The pound reached its highest level this year during Asia trading, as Britons prepared to cast their votes in an historic referendum on the European Union. (EU referendum: follow our live blog)

The British currency gained 0.9% against the US dollar, rising to a year-high of $1.4844 on Thursday morning (23 June) in Asia, before relinquishing some ground and trade at $1.4780 by 8.25am BST. The latest gain means the sterling has now climbed more than 4% against the greenback over the past seven days.

That came as a phone poll conducted by ComRes for ITV and released on Wednesday night put the Remain campaign ahead 54% to 46%, when adjusted for undecided voters, while a separate poll from YouGov put the gap at 51% to 49% in favour of the pro-EU campaign.

However, while the latest poll delivered a timely boost to the pound, economists warned that could exacerbate the slump the currency would suffer in the case of a Leave vote.

"With the pound trading at its highest levels this year, the potential downside here in the case of a surprise vote to leave has got even bigger," said Oanda senior market analyst Craig Erlam.

"Even prior to the rally over the last week, a vote to leave would likely have prompted a sharp decline in the pound. With the pound now around eight cents higher against the dollar than it was then, the potential downside has become even more substantial."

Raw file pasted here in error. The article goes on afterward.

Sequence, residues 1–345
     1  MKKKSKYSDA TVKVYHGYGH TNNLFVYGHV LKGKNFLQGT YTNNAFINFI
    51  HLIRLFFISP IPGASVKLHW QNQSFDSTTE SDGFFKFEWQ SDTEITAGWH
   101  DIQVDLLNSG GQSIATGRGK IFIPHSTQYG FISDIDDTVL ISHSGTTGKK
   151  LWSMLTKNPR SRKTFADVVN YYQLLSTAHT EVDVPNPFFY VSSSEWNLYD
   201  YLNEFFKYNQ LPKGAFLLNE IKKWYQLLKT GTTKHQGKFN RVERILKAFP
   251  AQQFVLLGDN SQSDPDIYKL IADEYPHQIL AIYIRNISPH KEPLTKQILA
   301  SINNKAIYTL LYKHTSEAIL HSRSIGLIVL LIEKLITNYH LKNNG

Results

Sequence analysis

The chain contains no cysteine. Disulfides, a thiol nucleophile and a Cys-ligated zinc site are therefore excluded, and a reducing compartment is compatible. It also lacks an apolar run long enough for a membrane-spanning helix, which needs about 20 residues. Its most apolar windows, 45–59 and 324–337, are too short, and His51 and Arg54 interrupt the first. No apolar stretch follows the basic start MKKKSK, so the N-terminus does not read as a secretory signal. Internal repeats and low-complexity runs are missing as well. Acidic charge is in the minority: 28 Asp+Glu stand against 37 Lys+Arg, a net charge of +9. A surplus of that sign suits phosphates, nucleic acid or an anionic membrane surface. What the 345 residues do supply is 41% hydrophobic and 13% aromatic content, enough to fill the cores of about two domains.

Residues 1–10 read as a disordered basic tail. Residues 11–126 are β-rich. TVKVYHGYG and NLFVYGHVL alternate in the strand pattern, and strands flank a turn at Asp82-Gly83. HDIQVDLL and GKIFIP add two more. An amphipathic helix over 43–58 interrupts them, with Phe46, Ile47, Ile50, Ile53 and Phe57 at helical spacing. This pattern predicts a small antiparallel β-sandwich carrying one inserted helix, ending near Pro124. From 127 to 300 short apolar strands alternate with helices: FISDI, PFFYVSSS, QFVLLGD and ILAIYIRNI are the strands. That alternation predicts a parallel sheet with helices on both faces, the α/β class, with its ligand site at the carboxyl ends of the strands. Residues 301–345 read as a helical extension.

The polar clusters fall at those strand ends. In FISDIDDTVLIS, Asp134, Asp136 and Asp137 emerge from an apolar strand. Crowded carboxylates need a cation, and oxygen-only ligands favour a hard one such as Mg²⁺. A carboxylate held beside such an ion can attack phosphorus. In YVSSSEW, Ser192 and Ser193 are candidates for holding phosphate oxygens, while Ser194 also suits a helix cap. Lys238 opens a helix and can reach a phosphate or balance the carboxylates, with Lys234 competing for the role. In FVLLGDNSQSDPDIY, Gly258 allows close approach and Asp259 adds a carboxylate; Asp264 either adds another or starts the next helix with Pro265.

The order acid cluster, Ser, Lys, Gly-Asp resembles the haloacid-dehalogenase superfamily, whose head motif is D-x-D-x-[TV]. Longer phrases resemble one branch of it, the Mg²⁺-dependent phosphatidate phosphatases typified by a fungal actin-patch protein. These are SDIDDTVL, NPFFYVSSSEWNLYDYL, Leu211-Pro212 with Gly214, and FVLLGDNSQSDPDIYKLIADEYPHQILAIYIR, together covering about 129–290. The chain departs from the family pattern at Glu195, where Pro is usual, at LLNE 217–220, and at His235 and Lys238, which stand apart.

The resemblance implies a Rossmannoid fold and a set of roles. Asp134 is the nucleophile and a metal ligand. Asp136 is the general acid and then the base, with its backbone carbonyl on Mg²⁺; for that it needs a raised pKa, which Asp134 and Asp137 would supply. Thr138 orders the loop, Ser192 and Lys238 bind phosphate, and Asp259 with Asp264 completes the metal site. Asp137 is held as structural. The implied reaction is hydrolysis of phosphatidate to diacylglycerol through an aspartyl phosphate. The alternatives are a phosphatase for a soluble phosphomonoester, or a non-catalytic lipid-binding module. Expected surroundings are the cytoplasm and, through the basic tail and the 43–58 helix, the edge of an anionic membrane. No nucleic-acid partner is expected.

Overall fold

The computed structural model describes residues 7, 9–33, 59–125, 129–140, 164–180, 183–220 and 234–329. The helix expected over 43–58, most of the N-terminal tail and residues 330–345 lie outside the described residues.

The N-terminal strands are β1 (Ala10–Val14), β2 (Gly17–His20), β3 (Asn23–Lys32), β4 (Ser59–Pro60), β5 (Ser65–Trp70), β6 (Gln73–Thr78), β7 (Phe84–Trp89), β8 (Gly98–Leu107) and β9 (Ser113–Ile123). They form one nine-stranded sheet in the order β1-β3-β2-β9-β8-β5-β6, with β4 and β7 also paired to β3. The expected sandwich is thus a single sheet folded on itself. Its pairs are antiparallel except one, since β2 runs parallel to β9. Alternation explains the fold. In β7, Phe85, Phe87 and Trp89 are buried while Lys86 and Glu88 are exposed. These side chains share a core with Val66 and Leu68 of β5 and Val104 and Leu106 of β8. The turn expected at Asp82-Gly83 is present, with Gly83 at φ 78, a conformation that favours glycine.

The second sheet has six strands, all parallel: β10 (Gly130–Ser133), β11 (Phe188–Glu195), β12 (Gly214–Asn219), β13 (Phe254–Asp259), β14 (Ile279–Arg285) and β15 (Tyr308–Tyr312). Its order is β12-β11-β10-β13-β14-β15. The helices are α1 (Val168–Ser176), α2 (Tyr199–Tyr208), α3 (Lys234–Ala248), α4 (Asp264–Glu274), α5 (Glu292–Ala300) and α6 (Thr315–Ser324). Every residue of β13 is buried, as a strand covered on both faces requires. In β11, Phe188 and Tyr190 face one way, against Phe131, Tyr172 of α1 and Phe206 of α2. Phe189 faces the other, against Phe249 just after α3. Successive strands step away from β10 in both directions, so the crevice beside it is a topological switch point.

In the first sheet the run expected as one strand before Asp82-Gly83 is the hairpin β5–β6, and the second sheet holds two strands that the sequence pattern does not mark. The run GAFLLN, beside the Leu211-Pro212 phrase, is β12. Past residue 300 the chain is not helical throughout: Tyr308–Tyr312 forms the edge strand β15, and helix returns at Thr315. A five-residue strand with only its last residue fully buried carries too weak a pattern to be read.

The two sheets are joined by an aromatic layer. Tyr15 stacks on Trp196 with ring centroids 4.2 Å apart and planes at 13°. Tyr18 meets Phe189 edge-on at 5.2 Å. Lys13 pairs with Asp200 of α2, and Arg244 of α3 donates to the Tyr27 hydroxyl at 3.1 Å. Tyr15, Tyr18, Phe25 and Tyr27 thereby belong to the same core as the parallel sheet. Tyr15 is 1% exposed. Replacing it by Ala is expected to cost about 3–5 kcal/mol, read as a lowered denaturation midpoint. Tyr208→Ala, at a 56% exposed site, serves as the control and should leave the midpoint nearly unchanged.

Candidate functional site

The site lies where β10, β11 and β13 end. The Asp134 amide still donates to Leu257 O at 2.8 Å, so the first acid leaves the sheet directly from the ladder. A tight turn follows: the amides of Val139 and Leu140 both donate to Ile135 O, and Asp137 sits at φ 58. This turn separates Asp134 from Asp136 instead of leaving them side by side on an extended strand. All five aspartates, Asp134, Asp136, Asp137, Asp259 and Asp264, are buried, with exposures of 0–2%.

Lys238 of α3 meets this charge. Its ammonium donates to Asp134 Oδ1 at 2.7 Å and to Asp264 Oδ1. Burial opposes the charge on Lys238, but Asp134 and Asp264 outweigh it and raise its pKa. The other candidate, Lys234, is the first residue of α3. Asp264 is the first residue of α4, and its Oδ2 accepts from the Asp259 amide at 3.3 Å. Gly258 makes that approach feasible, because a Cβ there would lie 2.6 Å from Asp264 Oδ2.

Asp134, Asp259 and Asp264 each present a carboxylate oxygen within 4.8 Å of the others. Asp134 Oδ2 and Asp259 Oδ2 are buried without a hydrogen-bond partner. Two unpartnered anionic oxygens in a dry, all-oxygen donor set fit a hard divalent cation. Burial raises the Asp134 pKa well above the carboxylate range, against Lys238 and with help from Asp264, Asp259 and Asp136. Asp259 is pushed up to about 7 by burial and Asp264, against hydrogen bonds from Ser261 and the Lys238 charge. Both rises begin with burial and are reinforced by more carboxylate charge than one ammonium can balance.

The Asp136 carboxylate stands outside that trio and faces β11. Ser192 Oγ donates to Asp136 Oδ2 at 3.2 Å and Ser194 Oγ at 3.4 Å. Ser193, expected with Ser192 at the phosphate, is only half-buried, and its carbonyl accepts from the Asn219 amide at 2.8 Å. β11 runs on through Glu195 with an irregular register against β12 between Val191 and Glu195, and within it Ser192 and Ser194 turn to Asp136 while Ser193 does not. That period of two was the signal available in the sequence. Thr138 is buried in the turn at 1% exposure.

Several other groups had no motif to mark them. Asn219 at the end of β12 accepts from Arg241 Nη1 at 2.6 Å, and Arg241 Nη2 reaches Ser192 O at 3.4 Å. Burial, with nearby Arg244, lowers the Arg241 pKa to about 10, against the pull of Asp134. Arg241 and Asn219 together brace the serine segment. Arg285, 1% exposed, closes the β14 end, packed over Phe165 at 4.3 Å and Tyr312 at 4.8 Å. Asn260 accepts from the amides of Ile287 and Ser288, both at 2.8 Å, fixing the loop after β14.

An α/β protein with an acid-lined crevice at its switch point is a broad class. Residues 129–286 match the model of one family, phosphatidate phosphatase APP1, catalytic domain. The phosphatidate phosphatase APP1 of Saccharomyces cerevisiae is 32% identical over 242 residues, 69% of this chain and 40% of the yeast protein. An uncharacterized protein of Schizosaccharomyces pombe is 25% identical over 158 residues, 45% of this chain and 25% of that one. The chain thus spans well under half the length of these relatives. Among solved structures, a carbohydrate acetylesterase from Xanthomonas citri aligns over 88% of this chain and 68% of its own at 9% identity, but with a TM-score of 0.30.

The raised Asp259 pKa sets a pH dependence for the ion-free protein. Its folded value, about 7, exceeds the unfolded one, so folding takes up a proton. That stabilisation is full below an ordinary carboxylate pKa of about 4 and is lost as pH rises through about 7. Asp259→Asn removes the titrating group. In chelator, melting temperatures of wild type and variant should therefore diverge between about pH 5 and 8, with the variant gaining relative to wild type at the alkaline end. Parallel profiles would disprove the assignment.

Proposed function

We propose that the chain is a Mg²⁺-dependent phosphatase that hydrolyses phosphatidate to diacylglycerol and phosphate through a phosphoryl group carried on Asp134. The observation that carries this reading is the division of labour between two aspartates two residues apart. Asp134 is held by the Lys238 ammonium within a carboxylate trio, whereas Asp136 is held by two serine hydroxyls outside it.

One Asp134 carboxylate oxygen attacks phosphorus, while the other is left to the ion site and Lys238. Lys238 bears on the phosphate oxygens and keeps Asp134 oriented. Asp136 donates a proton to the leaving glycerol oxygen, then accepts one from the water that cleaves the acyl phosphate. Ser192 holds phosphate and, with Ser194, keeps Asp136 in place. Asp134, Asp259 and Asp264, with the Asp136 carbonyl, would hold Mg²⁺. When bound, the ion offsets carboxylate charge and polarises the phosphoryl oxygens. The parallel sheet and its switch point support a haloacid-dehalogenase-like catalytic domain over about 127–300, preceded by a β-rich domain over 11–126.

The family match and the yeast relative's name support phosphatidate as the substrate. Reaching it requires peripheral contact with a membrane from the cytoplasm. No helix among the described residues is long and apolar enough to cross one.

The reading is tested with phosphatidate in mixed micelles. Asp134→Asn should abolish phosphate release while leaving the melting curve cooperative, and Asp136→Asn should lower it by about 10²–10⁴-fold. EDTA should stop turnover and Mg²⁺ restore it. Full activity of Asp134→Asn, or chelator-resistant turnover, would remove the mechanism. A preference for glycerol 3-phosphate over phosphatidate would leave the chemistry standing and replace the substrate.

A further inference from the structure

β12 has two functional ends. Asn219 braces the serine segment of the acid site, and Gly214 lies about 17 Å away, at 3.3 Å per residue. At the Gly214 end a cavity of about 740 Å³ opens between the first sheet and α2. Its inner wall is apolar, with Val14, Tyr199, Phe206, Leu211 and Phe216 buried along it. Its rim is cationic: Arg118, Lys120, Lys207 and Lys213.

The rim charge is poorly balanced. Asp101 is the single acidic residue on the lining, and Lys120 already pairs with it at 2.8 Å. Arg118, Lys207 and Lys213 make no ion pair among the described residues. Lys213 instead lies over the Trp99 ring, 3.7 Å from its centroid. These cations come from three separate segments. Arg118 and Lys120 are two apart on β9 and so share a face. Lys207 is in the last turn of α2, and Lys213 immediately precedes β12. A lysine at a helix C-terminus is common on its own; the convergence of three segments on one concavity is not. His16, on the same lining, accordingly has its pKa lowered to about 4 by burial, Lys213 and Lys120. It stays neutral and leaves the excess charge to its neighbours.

Markets are expected to experience a relatively quiet day, but traders will be closely monitoring the movement in the pound after 10pm, when voting closes. However, given that there will be no exit polls tonight, any significant shift in the UK currency will begin as results trickle out throughout Thursday night and into Friday morning.

On Wednesday, analysts at Citigroup warned that even a Remain vote might not be enough to prevent political instability in the UK, unless the pro-European campaign secures the win with a comfortable margin.

"We see a 60% chance that the majority of British voters will choose Remain in the 23 June EU referendum," Citi analysts said.

"A Close Remain (our base case) could still undermine UK/EU political stability."

Meanwhile, people were seeing queuing up outside currency bureaus in Canary Wharf, Moorgate and Brent Cross shopping centre by IBTimes UK reporters early on Thursday, as Britons dashed for holiday cash.